According to his father, Tornike was just short of 15 years old in 2005 when Georgian sports agent Levan Mikeladze organized a camp for 60 young players in Batumi and invited a scout from Valencia. Shengelia’s performance earned him a four-day tryout in Spain, after which the club signed him. Valencia wasn’t paid and covered Shengelia’s travel, visa expenses, and schooling.
By the end of his second year, Shengelia was on Valencia’s first-division team at a monthly salary of €5,000. In 2010, he moved to a team in Belgium that offered more playing time; and in 2012, at age 21, he was a second-round NBA draft pick. The Brooklyn Nets paid a $300,000 transfer fee.
Georgia’s best young player today, 19-year-old Goga Bitadze, attended one day of Baskonia’s camp in Georgia when he was 15 and never returned. He moved to Serbia the next year.
Bitadze, who stands 6 foot, 11 inches tall, decided on June 11 to wait one more year before trying for the NBA draft. He was a key performer this year for Mega Bemax in the Serbian league, averaging over 12 points a game. NBA scouts said he could have been selected in the second round.
Non-Georgian Players Unaware of Fee Clause
It doesn't appear Georgia will collect any transfer fees in the near future under the portion of its contract that covers non-Georgian Baskonia players.
The best of these players whose deals would have resulted in a payment to Georgia is Serbian native Filip Petrusev. He went to Baskonia in 2014 at age 14, but left in 2016 to play U.S. high school basketball. He’s set to play for Gonzaga University in Spokane, Washington, beginning in October.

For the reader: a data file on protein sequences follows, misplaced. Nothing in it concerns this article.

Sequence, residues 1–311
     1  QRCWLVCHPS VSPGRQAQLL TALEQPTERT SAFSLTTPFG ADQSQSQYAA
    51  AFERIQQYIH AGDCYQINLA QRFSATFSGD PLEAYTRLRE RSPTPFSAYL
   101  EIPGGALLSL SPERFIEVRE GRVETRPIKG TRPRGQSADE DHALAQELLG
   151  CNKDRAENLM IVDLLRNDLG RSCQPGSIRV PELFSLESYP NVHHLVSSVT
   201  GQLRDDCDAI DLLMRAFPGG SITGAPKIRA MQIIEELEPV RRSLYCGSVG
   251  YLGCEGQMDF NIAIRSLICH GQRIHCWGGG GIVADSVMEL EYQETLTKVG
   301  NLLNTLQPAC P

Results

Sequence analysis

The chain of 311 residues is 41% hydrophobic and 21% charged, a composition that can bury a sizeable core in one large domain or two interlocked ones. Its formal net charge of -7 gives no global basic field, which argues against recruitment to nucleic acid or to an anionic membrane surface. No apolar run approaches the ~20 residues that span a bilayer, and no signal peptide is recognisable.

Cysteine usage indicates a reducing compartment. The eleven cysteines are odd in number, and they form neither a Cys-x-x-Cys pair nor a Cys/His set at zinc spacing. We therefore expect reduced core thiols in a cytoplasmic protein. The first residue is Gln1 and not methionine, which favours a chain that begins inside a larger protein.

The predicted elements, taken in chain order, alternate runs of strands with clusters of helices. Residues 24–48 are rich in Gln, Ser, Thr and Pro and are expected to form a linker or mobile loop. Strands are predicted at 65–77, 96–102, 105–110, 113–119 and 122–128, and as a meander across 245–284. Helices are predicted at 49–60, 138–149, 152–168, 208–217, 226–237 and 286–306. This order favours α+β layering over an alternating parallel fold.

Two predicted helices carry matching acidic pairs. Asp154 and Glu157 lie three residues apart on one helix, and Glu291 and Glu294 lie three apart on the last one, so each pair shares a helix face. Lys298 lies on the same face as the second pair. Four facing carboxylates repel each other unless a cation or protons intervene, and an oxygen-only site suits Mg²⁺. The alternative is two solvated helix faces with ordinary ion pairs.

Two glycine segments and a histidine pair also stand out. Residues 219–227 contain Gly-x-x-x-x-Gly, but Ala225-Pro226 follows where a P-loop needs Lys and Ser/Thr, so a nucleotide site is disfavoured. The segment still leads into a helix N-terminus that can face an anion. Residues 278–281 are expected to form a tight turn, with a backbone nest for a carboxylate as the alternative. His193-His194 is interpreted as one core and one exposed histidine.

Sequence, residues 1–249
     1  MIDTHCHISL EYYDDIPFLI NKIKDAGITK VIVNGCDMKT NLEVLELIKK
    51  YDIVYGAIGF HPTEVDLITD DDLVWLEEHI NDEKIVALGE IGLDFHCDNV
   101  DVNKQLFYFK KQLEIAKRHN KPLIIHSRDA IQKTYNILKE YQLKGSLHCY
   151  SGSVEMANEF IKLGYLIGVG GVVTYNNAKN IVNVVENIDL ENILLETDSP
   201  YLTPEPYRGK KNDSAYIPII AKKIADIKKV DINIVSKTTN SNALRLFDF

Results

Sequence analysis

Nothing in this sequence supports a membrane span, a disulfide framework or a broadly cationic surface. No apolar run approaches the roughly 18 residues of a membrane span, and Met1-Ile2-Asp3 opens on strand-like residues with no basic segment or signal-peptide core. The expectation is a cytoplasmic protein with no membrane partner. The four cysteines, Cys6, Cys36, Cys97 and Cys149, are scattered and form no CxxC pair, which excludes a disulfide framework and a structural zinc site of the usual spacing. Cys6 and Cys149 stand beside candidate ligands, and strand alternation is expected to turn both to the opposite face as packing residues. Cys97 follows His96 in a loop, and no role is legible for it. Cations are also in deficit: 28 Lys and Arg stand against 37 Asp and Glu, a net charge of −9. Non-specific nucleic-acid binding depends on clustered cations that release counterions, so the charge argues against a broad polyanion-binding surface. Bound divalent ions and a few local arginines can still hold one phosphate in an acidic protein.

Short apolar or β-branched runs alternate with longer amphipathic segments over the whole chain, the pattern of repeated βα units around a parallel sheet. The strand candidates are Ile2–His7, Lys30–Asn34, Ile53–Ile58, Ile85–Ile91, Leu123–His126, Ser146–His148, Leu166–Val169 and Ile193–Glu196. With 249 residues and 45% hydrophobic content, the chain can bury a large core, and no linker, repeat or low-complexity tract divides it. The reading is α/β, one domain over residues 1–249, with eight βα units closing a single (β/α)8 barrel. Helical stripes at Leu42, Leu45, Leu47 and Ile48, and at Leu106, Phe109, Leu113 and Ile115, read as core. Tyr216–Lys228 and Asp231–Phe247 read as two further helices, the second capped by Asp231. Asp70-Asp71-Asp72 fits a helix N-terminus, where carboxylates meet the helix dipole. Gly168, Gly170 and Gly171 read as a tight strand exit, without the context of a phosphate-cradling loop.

Petrusev was one of four players reached by reporters who said he had no idea that Georgia could collect money from a transfer fee if he ever signs a pro contract. Contacted via Facebook, he said he and his brother David, who is also on the list, knew nothing about it.
In a telephone interview, their father Dejan Petrusev also said he was unaware of the arrangement.
“Why should they know?” Baskonia's Vasquez asked when told the players were unaware their futures were intertwined with the federation-Baskonia deal. “They signed a 10-year contract with us. They are happy to be with us because this is their path to get into pro basketball.”
Baskonia says it spends €30,000 per year for accommodations and personal expenses for each Georgian player who comes to Spain. It lists annual costs for youth scouting there at €96,000, athletic facilities €25,000 and medical expenses of €40,000.
Player development requires patience, Vasquez said, explaining that a 15-year-old Georgian selected for the Baskonia program may stay in it for 10 years and sign with a professional team at age 25.
But the reality is NBA teams are seldom interested in signing new 25-year-old players. Americans often spend as little as one year at a university before trying to sign with the NBA around the age of 19.
So far, Georgia has spent less than €200,000 of the €1 million it committed to player development under the Baskonia contract. The fourth training camp for the program was held in April on two courts in Tbilisi.
Over five days, more than 150 boys ages 12-17 ran drills and played half-court games under the watchful eyes of Georgian and visiting Baskonia coaches. (The federation’s deal with Baskonia calls for some Georgian coaches to get additional training on site in Spain, but the Georgians say so far only one has been invited for a two week stint.)
The players in Tbilisi were young, enthusiastic — and small. None seem likely to ever be big or strong enough to play professional basketball.
If Georgia receives less than €1.5 million by 2024, Baskonia is supposed to refund the difference.